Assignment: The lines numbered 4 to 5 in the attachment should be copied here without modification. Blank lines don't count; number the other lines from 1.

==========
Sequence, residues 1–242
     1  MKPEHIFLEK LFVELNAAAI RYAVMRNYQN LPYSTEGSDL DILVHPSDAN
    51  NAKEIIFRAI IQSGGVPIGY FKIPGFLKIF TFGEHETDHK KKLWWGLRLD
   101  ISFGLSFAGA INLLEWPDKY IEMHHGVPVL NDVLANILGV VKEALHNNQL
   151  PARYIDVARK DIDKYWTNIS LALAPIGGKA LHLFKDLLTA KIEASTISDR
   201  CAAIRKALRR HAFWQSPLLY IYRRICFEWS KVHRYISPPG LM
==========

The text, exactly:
   101  ISFGLSFAGA INLLEWPDKY IEMHHGVPVL NDVLANILGV VKEALHNNQL
   151  PARYIDVARK DIDKYWTNIS LALAPIGGKA LHLFKDLLTA KIEASTISDR